Little time this week, unfortunately, for me to keep up with the Pussy Riot conviction (as promised here) or anything else. But I recommend Charles Cameron’s series of posts (six so far, and counting) over at Zenpundit, including his annotated summary of their closing statements. The statements themselves are very lucid and articulate, as one should expect from women who can quote Rosi Braidotti *AND* Nicolai Berdyaev.
To get a sense of what the PR girls are up against, have a listen to radical traditionalist philosopher Aleksandr Dugin on the “holy war” Pussy Riot have started. “Geopolitician” Dugin’s political advice gets into Putin’s inner circles, even if Dugin’s attitudes toward Putin himself have sometimes been ambivalent.
BLDGBLOG‘s Geoff Manaugh raises challenging questions about Franco-Tunisian “undercover photographer” and graffiti/poster artist JR‘s exhibition of photos called The Hills Have Eyes. JR’s story is that he found a camera on a Paris subway station platform in the year 2000 and has since gone around photographing suburban ghetto rioters in Paris, impoverished and abused women in Africa, break-dancers, graffiti artists, snowboarders, and other outsiders, and pasting photo blow-ups of his work on city walls and in war zones around the world. He has taken close-ups of Israeli and Palestinian faces, then pasted these as huge posters on the Wall separating Israel from the West Bank. “The Hills Have Eyes” plasters the walls of favelas in Rio de Janeiro with the eyes of their dwellers.
In the tradition of artists like Jean-Michel Basquiat, there’s an element of the ghetto speaking back in his work. There’s the raw energy and intensity, the racial otherness and sense of mystery about his own identity. And there’s also the whiff here of the art world canonizing an artist from the slums, so that one wonders who is patting themselves on the back for their liberal inclusiveness and who is selling himself with cheap labor from friends on the street. Manaugh asks:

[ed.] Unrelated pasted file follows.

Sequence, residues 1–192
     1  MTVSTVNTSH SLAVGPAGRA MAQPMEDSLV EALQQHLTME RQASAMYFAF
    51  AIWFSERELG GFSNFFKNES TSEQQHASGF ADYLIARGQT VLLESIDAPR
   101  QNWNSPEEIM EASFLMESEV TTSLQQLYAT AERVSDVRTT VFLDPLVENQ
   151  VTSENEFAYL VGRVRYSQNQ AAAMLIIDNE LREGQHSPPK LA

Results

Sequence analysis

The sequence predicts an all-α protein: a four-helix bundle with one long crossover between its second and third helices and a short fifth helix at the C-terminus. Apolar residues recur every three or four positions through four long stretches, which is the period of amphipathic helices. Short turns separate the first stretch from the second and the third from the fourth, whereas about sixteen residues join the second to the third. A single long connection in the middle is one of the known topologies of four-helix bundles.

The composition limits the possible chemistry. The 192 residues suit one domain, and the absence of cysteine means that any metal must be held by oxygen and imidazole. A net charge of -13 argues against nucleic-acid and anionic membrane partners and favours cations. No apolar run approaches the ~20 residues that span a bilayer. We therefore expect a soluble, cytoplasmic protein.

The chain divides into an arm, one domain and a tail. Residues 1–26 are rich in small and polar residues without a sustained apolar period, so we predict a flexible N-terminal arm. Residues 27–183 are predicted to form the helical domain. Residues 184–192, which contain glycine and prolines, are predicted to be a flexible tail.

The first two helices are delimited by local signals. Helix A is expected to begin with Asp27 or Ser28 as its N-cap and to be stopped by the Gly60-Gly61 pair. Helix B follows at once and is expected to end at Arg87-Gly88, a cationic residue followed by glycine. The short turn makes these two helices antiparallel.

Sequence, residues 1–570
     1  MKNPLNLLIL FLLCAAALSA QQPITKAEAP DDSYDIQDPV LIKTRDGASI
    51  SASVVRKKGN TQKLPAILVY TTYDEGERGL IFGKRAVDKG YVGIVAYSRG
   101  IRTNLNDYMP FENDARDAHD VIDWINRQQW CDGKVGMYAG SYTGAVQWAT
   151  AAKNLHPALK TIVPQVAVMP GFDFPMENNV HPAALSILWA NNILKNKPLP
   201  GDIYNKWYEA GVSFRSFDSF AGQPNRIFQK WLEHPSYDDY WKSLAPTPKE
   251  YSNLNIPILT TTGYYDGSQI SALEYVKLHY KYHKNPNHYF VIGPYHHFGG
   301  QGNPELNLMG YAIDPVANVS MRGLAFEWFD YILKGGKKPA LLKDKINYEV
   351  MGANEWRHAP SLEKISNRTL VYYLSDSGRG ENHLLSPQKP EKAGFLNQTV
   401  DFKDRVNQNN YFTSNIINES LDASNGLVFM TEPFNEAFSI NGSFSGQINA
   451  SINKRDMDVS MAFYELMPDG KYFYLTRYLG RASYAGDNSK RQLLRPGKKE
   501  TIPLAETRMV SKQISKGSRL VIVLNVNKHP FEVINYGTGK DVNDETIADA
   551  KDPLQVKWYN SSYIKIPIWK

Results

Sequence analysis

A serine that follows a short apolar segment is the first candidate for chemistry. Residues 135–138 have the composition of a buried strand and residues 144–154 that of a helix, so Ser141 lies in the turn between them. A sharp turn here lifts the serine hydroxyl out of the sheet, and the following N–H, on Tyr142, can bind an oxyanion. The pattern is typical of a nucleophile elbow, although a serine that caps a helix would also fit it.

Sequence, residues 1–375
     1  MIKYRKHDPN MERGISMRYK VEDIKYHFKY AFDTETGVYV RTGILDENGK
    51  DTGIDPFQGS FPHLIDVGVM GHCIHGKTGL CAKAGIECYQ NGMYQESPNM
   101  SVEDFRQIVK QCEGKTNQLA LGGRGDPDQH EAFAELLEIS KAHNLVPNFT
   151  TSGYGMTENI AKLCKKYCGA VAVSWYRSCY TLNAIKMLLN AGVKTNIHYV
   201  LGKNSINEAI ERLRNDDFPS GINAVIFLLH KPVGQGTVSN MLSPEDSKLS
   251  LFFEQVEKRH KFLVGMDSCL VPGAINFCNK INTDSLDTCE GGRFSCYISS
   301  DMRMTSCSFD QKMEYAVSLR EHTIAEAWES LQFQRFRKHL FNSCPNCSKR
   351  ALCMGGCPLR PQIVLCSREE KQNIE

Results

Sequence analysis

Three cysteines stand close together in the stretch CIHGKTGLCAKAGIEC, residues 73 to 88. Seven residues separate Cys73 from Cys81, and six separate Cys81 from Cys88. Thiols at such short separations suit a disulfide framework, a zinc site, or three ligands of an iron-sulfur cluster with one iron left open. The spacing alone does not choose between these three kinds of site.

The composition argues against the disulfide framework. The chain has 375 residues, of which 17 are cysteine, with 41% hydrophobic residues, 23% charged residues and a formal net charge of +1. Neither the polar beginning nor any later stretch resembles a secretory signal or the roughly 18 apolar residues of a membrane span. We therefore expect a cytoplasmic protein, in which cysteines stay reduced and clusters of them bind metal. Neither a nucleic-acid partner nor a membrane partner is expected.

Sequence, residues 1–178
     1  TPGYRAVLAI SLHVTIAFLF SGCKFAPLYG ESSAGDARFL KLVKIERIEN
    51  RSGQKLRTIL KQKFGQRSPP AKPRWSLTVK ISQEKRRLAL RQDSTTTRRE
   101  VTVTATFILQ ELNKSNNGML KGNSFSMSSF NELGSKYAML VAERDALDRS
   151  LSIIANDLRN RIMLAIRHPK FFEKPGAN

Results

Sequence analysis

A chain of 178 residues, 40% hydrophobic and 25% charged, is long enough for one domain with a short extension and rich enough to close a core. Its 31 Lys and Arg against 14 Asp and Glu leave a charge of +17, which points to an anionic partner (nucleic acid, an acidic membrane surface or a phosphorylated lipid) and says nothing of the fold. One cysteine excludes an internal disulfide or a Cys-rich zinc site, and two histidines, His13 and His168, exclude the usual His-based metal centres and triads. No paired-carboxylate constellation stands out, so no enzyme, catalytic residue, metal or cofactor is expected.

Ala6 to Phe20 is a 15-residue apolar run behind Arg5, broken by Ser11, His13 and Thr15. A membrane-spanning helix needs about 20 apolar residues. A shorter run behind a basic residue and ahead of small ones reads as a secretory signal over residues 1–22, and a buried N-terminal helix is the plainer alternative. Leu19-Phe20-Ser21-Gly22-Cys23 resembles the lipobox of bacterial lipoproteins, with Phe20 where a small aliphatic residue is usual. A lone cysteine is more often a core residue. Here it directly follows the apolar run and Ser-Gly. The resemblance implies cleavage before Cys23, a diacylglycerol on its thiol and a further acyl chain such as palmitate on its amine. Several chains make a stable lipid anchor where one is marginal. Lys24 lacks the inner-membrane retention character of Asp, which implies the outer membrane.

“Are you visually transforming the ghetto so that those who live in the city below no longer have to look up and see themselves surrounded by blight? They will see, instead, a hot new contemporary artist on display? Or could you visually augment the favela in a way that positively impacts both the self-image of, and the quality of life for, the people living there while not erasing the presence of that ghetto from the visual awareness of the central city dwellers?”
And, I would add, isn’t Manaugh’s (and my) raising these questions unfair in relation to JR unless they are raised all the more in relation to other artists whose race or social class origins are more typical of the art world? Some of the comments on Manaugh’s blog suggest as much, i.e., that just because someone is good at what they do doesn’t mean they shouldn’t make a good living at it.
But there’s also something about the message here that undercuts the art world’s individualism and reaches to, and preaches for, a global level of common humanity.